Bill Daley: Support federal consent decree. Advocated for community re-engaging with police department, strengthening CAPS program and creating a walking beat. Support increased community surveillance and installation of security cameras on more neighborhood blocks.
Paul Vallas: Restore neighborhood beat cops. Fill police vacancies, increase detective divisions and block clubs. Wants to place a police officer in every school, and 600 additional police officers “ready to be dispatched” when kids are not in school. Supports consent decree.
28th Ward Candidates
Jason Ervin: Supports community policing and increasing officer interactions through basketball, football programs. Advocated for the consent decree.
Jasmine Jackson: Supports Civilian Police Accountability Council and consent decree. Hire more officers and foster more personal relations with community members.
Miguel Bautista: Supports Civilian Police Accountability Council and wants to address police misconduct and brutality. Build relationships between police and fire departments and community by planting gardens in empty lots.
Justina Winfrey: Expunge marijuana-related charges and ensure community policing. Have fewer officers deployed in wards. Give cultural training to police. Against police academy.
Beverly Miles: Wants better police training and wants officers to mirror population of the community. Supports more walking beats. Against police academy.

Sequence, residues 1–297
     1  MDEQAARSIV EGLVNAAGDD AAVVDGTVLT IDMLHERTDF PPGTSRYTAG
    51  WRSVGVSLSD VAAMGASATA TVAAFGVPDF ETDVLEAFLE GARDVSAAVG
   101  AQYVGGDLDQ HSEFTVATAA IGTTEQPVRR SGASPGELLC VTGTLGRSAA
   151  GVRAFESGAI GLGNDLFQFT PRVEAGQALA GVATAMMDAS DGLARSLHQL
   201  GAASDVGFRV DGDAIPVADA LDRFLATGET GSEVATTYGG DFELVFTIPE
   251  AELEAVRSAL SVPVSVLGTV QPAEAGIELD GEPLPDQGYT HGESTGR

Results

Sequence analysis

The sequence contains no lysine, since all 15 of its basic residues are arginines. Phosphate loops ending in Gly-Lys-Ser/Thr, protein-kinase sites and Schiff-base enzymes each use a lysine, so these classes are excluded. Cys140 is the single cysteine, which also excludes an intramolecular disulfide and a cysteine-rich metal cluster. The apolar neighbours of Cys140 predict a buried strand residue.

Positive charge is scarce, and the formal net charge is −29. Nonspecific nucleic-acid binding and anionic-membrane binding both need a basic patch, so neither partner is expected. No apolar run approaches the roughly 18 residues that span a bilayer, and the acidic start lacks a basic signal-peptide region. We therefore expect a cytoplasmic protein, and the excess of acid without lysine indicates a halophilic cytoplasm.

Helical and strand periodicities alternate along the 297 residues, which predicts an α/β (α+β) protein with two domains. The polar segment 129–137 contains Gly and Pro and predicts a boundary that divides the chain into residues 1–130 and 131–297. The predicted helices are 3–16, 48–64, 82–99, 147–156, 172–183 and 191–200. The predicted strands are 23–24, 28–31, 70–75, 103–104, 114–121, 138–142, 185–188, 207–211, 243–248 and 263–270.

29th Ward Candidates
Chris Taliaferro: Use “creative strategies” to get community to work with officers again. Integrate residents into 911 system to alert residents when and where a crime is occurring in the ward. Create “quadrant program” to concentrate police resources on specific areas. New 25th Ward initiative to specifically hire police to “knock on doors” and not respond to calls.
Zerlina Smith: Move CAPS meetings to neighborhood blocks or more public spaces. Hire more officers from the community. Expand district-wide social initiatives, such as father-daughter dances and Little League softball teams. 100 Blocks, 100 Churches program should be a model for building relationships with the community.
Dwayne Truss: Against police academy, wants equitable investing in youth. Give mental health intervention training for officers. Provide counseling services to victims of police misconduct. Testified in support of consent decree.
37th Ward Candidates
Emma Mitts*: Hire more police officers. Supports new police and fire training facility in 37th Ward, says it is “a major part” of her crime-reduction strategy. Have police address “nuisance businesses, current crime hotspots and drug locations.” Sponsored measures like the Illegal Party Bus ordinance and the Chronic Illegal Activity ordinance. Supports the federal consent decree.
Deondre Rutues: Is “not against” the police and fire training facility being built, but is opposed to it being built in the 37th Ward. Supports the federal consent decree and the Civilian Police Accountability Council.
Tara Stamps: Against the police and fire training facility. Supports citizen oversight of the police and community policing. Wants tougher accountability measures for officers who engage in gross misconduct. Vowed to “not be an automatic yes vote on police misconduct settlements.” Supports more diversity, says officers should reflect the population of the community.
* Indicates candidate did not respond to requests for interview and responses are pulled from public comments.
This report was produced in collaboration with City Bureau, a Chicago-based civic journalism lab. www.citybureau.org